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5 questions with Cherine Anderson

Published:Sunday | July 22, 2018 | 12:00 AMStephanie Lyew/Gleaner Writer
Cherine Anderson

Cherine Anderson uses the word 'fluid' to describe her journey from the entertainment industry to managing a business.

Anderson started out as an actress while still a teenager in Dancehall Queen (1997) and One Love (2003), then toured the world as a singer-songwriter. Her work has been featured on Grammy-nominated albums and has topped charts. However, a career in real estate had been calling. She holds a Bachelor of Arts degree in film and Japanese and was busy acting as a co-founder of the Reach One Child (ROC) Foundation, but she became a licensed realtor and now serves on the Membership and Benefits Committee of the Realtors Association of Jamaica.

However, the Haffi Come Back singer is still very much in tune with the entertainment industry. In fact, Anderson is looking forward to the release of her musical project with Bulby York, who worked on the 2016 single Moola, while preparing to launch My Power Living Ltd - her real estate, marketing and consulting company.

1. How has My Power Living been doing since its launch in 2016?

The best part about My Power Living is that it has given me the opportunity to pursue two things I was always passionate about - entrepreneurship and real estate. I have a very specific vision for the new business venture - a key component is the education and empowerment of people to better understand what and how to make one of the largest investments in their lives. We have launched both sold-out public and exclusive workshops, the online shows Power Living and Power Tips, and it has also allowed me to author my first e-book How to Buy an Apartment or Condo in Jamaica. It has seen a steady growth, and we are taking the time to build it right.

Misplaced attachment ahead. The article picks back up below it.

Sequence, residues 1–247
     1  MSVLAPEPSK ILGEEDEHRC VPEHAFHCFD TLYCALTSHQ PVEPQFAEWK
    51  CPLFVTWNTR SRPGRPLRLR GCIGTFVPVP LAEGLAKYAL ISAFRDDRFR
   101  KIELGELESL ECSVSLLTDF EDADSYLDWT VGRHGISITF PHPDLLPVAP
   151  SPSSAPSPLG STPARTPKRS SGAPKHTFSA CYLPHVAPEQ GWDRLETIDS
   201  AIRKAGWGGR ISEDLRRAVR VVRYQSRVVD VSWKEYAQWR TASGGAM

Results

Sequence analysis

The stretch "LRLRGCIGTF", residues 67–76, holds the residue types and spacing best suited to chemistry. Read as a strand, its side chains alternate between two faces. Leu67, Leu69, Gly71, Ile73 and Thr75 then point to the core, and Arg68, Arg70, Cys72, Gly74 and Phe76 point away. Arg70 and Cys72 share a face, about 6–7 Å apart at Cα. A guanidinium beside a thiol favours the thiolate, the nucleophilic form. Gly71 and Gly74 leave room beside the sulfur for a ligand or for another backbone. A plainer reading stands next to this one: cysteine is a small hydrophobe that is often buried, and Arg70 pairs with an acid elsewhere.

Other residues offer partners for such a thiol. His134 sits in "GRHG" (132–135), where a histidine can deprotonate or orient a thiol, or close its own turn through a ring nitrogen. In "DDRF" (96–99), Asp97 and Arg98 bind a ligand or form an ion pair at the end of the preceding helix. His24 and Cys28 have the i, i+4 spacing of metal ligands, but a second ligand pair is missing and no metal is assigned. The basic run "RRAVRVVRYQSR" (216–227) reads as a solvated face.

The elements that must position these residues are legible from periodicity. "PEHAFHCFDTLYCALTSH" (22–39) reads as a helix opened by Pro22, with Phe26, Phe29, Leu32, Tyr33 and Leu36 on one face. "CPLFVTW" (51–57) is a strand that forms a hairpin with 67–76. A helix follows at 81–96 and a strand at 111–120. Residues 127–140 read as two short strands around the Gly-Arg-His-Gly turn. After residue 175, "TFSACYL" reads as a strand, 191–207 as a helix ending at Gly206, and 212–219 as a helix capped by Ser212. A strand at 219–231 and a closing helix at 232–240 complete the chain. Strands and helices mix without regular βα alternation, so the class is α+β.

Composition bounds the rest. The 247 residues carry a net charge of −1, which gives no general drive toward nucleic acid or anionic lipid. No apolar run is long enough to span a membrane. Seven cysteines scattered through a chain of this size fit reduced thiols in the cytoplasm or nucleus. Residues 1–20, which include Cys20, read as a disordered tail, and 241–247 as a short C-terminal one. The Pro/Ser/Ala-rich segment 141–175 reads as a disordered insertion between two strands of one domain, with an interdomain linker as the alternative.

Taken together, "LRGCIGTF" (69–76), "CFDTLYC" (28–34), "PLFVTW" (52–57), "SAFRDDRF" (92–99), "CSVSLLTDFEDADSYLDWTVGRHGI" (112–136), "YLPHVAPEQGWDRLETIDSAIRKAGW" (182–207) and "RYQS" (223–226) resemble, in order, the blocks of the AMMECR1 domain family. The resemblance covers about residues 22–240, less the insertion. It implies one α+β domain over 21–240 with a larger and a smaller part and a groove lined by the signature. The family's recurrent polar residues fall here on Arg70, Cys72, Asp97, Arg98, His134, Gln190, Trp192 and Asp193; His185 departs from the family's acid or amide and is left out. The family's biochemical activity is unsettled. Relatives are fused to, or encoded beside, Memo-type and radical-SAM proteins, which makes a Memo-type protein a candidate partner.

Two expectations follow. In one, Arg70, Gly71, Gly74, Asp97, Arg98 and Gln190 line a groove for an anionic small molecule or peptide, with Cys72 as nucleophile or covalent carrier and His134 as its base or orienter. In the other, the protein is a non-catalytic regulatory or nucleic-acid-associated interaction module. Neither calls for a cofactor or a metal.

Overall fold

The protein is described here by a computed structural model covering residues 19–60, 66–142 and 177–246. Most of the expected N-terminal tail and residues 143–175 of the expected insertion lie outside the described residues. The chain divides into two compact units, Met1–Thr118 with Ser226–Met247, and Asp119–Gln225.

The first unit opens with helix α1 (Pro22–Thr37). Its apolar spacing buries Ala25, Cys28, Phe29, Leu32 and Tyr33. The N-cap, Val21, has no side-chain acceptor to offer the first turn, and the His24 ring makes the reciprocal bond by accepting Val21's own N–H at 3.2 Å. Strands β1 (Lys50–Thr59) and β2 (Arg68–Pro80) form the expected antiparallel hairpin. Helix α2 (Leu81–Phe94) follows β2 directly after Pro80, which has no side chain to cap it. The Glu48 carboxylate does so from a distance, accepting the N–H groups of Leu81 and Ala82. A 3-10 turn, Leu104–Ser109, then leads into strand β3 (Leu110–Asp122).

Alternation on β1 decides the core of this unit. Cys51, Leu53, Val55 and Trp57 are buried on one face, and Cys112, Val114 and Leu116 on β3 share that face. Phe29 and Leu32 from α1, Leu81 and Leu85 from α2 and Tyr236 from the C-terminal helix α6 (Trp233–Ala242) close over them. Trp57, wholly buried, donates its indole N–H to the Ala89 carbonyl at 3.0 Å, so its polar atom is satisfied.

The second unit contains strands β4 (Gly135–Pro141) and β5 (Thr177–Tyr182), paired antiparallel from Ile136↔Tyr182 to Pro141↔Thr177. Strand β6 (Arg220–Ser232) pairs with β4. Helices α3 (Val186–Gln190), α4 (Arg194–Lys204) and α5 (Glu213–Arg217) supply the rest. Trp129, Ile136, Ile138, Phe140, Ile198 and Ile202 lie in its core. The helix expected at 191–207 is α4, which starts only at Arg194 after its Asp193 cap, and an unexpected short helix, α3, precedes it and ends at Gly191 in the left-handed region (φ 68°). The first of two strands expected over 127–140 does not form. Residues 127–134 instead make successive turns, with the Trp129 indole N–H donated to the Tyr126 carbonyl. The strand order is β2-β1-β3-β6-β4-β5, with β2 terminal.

2. Do you encourage female artistes to have a backup career based on the level of difficulty they face in the industry?

If you have the gift of music, acting, writing, producing, or other non-entertainment talents and skills, it's important to develop them. Both male and female artistes, I encourage to have multiple income streams. Be sure to explore all your God-given gifts because you only get one life. That just makes good sense to me.

3. Are you transitioning to more spiritual or gospel music?

No, I'm not transitioning. Music, to me, is one of the best platforms for telling important stories that impact culture - [to] start conversations, as well as inspire and connect people. Since the start of my career, I have written and recorded songs in multiple genres - pop, rock, reggae and dancehall - but I have not done a gospel song. Of course, I respect the artistes who have, and I would never say never.

4. How have you been able to balance all your professions as an entertainer, realtor and mentor through the ROC Foundation?

Where possible, I find ways to make both businesses connect, creating what I prefer to call 'harmony'. One of my goals as an entrepreneur is to have a business [in real estate] that can operate without me physically working in it every day. What if I got married or became pregnant tomorrow and took time off to have a family? My business should not be crippled. That's why I am taking time to develop and implement systems as well as procedures that can even outlast me. It's about working smart and strategic, and I'm choosing to also exercise a lot of patience because I've got time.

As for the music industry, it has changed. Wearing two hats does not give me a chance to sit down and get nostalgic about what used to be or be romantic about who or what is the new hot thing. At the end of the day, it's a business. I am still with the same team of talented musicians and being guided by my manager and foundation partner Patrick Lindsay, who truly knows his stuff. The focus is on different markets and doing music in a way that makes me still feel passionate, but still makes good business sense.

5. What is one experience that reminds you to stay focused?

I don't have one experience, but I have learnt over the years to stay on the high road and not to focus on the negatives. Some of my guiding principles are self-confidence, consistency, and humility in all I endeavour to do. In addition, helping others who may need a little motivation or inspiration to get going pushes me. Having faith in God's word also helps me navigate many life and business challenges.